As human beings, we all carry some sort of fascination with celebrity culture and it’s natural to wonder what the sort of lifestyle must be like. If any film managed to sum up what it’s like to carry that sort of fascination to the point we end up living it, then Spike Jonze’s Being John Malkovich would be the first film I point to. The bizarre concept to which it carries is already one factor as to why it stands out on its very own, but even more impressive comes from how it was the feature film debut of director Spike Jonze, who had directed many music videos prior, and screenwriter Charlie Kaufman. But knowing how such films are outright impossible to repeat in this day and age, it’s among more reason I still find myself in awe of a film like Being John Malkovich, for it goes beyond its own quirks to become one of the very best films of its time, let alone one of the best debut efforts of all time.
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Tim Robbins knew what was coming. Back in 1992, the same year in which he starred in Robert Altman’s The Player, he wrote, directed, and starred as the titular character in this mockumentary Bob Roberts – a political comedy which may or may not have revealed something telling about where the nation is set to go. That’s the scary part of the effectiveness of the satire that Bob Roberts is presenting, at first the image that we are looking at is so funny and then when looked at in comparison to world events, suddenly all that humour becomes something more than just a funny moment – it was a warning. It was funny then, but when we look at where we have all gone now, it might not have been so much of a joke as it initially may have been seen as.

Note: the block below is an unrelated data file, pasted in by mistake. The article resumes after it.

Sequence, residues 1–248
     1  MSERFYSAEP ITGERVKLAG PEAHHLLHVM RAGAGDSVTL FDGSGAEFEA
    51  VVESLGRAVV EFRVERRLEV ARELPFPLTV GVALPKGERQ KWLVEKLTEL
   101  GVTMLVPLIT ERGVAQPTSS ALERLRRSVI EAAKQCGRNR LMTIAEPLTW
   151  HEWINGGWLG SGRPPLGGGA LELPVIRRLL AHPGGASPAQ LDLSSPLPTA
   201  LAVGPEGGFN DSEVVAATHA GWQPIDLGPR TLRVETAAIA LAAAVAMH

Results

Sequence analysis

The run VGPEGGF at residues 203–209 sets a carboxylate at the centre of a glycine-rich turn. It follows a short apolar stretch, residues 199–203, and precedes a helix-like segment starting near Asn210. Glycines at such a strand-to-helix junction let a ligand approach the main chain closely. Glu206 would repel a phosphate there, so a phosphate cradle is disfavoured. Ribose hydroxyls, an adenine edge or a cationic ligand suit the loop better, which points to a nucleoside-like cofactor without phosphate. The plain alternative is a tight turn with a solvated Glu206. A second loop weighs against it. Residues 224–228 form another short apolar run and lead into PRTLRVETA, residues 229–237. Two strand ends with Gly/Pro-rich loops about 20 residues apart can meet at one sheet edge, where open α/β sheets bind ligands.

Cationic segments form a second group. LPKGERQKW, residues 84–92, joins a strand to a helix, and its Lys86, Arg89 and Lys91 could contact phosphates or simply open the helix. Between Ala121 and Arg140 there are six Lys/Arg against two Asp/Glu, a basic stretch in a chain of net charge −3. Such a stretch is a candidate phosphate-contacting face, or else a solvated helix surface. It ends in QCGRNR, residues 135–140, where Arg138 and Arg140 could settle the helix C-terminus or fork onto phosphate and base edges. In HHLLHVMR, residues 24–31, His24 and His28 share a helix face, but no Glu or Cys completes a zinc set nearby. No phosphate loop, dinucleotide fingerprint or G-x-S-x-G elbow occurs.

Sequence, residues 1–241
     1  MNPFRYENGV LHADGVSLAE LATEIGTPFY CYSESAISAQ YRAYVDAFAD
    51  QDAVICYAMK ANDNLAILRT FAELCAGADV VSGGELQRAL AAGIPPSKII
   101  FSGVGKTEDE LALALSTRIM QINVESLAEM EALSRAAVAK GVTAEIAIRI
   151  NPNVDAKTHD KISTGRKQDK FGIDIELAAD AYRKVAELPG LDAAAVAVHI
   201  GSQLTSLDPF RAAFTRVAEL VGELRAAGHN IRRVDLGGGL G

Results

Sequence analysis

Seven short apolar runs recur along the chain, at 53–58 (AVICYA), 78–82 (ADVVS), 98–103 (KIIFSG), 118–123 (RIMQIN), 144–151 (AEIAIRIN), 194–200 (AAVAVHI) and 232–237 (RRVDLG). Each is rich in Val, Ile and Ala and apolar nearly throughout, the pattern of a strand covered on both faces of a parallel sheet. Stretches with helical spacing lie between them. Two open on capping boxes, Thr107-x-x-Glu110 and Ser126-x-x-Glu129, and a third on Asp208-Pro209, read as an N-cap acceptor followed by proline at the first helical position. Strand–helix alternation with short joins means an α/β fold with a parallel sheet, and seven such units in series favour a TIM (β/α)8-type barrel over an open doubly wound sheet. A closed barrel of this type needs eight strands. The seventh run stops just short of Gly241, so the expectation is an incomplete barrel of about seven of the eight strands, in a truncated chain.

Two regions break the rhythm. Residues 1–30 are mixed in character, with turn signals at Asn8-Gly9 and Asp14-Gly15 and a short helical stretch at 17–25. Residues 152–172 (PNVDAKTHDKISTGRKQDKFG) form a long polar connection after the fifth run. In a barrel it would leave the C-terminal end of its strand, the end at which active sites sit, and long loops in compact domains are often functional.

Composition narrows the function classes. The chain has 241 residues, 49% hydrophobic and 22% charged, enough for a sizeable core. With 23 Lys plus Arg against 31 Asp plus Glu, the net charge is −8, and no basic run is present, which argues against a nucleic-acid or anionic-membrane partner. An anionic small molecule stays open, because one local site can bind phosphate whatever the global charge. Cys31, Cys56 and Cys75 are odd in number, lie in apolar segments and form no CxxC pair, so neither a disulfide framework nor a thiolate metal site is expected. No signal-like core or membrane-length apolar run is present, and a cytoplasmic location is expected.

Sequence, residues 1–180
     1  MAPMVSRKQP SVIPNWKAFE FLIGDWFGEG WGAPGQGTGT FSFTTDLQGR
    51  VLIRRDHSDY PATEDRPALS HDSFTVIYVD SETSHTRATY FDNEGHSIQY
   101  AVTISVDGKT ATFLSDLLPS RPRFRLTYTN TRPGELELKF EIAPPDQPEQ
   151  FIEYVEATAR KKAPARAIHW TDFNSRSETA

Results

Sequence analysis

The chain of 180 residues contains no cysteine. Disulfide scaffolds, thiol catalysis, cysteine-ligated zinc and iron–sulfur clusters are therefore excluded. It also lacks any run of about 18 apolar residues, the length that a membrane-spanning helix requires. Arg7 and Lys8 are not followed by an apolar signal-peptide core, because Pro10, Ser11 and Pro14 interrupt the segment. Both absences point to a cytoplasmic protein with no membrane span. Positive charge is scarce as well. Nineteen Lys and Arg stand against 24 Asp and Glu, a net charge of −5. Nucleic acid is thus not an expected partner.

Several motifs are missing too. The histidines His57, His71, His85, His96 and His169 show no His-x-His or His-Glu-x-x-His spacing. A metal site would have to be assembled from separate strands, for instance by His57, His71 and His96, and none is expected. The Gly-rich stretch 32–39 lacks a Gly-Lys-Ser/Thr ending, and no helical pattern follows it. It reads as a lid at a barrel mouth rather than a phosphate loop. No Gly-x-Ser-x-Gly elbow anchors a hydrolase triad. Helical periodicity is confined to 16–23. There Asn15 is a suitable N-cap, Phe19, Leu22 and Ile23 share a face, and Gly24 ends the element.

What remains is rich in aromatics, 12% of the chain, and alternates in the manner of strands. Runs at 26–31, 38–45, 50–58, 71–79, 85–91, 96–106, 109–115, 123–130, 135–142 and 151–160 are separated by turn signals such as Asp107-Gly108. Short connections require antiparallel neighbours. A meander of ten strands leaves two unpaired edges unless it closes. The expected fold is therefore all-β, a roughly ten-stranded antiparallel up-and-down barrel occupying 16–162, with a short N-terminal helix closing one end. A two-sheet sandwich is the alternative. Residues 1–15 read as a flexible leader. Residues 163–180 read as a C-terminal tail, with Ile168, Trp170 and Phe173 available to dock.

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Terrence Malick breaks a twenty year hiatus by presenting audiences with The Thin Red Line, a poem set during WWII beautifully detailing the humanity of the soldiers from C Company and their trial amidst the Battle of Mount Austen. Where The Thin Red Line becomes a truly special film to experience arises from how it is no ordinary Hollywood war film, but in some manner, a universal tale that in the end creates a beautiful resonance within one’s mind. At near three hours, Terrence Malick takes his audiences on a journey amidst the lunacy that would be present within the war and in the end, an easy contender for the best WWII film of all time. It may not be my favourite of the sort, but when talking about such, it certainly is not a film that I would leave out. Continue reading →